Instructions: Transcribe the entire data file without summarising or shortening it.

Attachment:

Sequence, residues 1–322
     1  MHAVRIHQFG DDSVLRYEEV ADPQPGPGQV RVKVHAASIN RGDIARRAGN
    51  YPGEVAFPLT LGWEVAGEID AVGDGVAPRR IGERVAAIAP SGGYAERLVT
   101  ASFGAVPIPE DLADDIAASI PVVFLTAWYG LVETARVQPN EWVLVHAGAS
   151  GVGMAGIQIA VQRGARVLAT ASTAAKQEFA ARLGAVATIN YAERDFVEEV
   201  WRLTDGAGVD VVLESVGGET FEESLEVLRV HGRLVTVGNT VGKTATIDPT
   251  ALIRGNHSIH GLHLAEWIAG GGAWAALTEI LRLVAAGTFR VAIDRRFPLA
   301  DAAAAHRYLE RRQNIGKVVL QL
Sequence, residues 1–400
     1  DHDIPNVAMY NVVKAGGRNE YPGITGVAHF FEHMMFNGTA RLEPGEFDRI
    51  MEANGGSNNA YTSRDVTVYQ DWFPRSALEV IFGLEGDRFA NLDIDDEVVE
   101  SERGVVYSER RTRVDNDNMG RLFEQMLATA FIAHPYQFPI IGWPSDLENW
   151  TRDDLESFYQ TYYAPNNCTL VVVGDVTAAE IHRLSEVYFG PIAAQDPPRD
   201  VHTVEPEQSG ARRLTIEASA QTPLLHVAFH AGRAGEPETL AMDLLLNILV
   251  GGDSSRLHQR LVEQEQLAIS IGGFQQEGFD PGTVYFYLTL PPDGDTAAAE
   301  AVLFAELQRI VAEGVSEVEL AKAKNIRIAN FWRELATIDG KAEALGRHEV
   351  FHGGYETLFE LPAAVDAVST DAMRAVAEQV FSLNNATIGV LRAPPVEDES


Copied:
Sequence, residues 1–322
     1  MHAVRIHQFG DDSVLRYEEV ADPQPGPGQV RVKVHAASIN RGDIARRAGN
    51  YPGEVAFPLT LGWEVAGEID AVGDGVAPRR IGERVAAIAP SGGYAERLVT
   101  ASFGAVPIPE DLADDIAASI PVVFLTAWYG LVETARVQPN EWVLVHAGAS
   151  GVGMAGIQIA VQRGARVLAT ASTAAKQEFA ARLGAVATIN YAERDFVEEV
   201  WRLTDGAGVD VVLESVGGET FEESLEVLRV HGRLVTVGNT VGKTATIDPT
   251  ALIRGNHSIH GLHLAEWIAG GGAWAALTEI LRLVAAGTFR VAIDRRFPLA
   301  DAAAAHRYLE RRQNIGKVVL QL
Sequence, residues 1–400
     1  DHDIPNVAMY NVVKAGGRNE YPGITGVAHF FEHMMFNGTA RLEPGEFDRI
    51  MEANGGSNNA YTSRDVTVYQ DWFPRSALEV IFGLEGDRFA NLDIDDEVVE
   101  SERGVVYSER RTRVDNDNMG RLFEQMLATA FIAHPYQFPI IGWPSDLENW
   151  TRDDLESFYQ TYYAPNNCTL VVVGDVTAAE IHRLSEVYFG PIAAQDPPRD
   201  VHTVEPEQSG ARRLTIEASA QTPLLHVAFH AGRAGEPETL AMDLLLNILV
   251  GGDSSRLHQR LVEQEQLAIS IGGFQQEGFD PGTVYFYLTL PPDGDTAAAE
   301  AVLFAELQRI VAEGVSEVEL AKAKNIRIAN FWRELATIDG KAEALGRHEV
   351  FHGGYETLFE LPAAVDAVST DAMRAVAEQV FSLNNATIGV LRAPPVEDES